THE JOURNAL, (Newcastle),
26 April 2001, p. 8,
by Willy Poole.
WHAT'S next with foot-and-mouth disease? That will all depend on your version of what has gone before.
By now we all know the official (Government/Maff) version. Maff believes that the disease can by contained by vigorous culling.
This might indeed be so, if Maff was correct about when and where the disease actually started. If they are wrong then all this slaughter, burning and misery is just like spitting in the wind.
Let us just suppose that foot-and-mouth disease started long before the official date. Let us suppose that Maff suspected the presence of the virus as long ago as last summer but then became entangled in floods and rail disasters? Might they not have taken their collective eye off the foot-and-mouth disease ball? We are discussing possibilities here. You must make up your own minds about probabilities.
Here is another possibility for you. Foot-and-mouth disease does not rip through sheep as it does through cattle and pigs.
As I understand it, sheep seldom suffer acutely from the virus; it spreads slowly through a flock and may affect only a few sheep in a flock.
These sheep are infective for only a short time and may show few if any outward signs. The signs that do occur may easily be confused with more mundane ovine problems - "scald" for instance.
The incidence of the disease in a flock of sheep has been compared to a "ripple". It ripples through the flock so that, by the time it comes out the other side, those originally infected may well have recovered.
This ripple may take weeks or months depending on the size of the flock and may not have been noticed even by the most attentive shepherds - few shepherds working today will have ever seen a case of foot-and-mouth disease.
If this is the case then the bulk of the national flock may well have been infected long since and the time when slaughtering and burning/burying would have been effective has long passed.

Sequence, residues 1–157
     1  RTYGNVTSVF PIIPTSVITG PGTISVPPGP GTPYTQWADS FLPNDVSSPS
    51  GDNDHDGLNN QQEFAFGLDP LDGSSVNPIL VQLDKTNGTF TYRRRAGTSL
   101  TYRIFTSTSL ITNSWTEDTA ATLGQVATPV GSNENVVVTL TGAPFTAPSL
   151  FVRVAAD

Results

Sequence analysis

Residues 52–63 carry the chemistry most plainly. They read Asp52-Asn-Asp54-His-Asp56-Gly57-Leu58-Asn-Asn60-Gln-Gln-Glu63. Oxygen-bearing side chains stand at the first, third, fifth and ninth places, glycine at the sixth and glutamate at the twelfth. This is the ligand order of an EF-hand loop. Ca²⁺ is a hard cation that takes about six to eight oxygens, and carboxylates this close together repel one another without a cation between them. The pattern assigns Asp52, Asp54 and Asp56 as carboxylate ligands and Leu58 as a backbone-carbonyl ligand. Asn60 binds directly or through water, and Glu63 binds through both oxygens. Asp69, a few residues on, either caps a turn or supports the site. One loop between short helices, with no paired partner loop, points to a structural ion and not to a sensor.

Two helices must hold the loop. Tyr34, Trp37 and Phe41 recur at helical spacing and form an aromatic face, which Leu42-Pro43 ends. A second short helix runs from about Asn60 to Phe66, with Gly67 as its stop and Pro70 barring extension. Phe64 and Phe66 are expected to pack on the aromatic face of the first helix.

The ball that no one may have kept an eye on is now in the net.
This theory would explain the "jumps" to Jedburgh and to Whitby.
I understand that the virus cannot be "carried on the wind" - it needs a host. Burning only destroys the virus when the fire has reached a very high temperature. In the early stages, flakes of skin and hair may ascend with the smoke and can then be taken by the wind - the sooty virus then goes along for the ride.
If fell sheep in the Lakelands become widely infected and are slaughtered, what then? Burial in the rocky hills would be fair nigh impossible and would certainly infect the watercourses.
That water supplies many of the conurbations in the North-West. Burning would only mean more downwind spread of the virus.
So, where are we at? Where we are at is turn-out time for housed cattle. This would almost certainly be followed by the next wave of the epidemic, which will make what we have seen so far seem like a children's tea party.
If this is the case then the slaughter policy will have failed. What next? Vaccination? Almost certainly too little, too late.
What then? It seems to leave what I have been saying in a very small voice - "let it run its course" - slaughter any suffering animals, but the rest will get through it and come out the other side. A complete load of rubbish? That is the destiny of all our livestock under present policies.